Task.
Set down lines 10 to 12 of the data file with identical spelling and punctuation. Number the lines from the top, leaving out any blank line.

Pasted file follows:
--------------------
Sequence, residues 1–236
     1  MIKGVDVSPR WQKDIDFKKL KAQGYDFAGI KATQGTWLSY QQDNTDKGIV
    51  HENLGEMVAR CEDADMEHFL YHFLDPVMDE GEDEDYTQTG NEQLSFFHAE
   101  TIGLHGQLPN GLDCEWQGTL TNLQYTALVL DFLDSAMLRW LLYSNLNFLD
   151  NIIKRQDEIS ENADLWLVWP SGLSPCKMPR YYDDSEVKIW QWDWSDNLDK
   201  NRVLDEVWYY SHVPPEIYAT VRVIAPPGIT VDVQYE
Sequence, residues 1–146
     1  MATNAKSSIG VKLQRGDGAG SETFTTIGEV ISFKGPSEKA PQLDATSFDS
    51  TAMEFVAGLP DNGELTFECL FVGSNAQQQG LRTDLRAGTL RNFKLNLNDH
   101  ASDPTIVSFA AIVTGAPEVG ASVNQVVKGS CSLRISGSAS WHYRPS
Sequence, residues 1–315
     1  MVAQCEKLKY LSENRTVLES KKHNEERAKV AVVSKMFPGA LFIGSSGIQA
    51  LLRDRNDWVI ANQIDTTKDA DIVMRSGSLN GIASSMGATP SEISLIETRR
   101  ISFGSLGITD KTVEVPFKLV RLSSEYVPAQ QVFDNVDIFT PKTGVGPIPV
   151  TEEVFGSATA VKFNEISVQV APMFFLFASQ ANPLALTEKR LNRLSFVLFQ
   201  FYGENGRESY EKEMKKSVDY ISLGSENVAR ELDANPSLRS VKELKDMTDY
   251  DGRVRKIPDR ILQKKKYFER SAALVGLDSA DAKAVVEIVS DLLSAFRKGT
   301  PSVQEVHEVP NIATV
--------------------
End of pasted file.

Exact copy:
   101  ASDPTIVSFA AIVTGAPEVG ASVNQVVKGS CSLRISGSAS WHYRPS
Sequence, residues 1–315
     1  MVAQCEKLKY LSENRTVLES KKHNEERAKV AVVSKMFPGA LFIGSSGIQA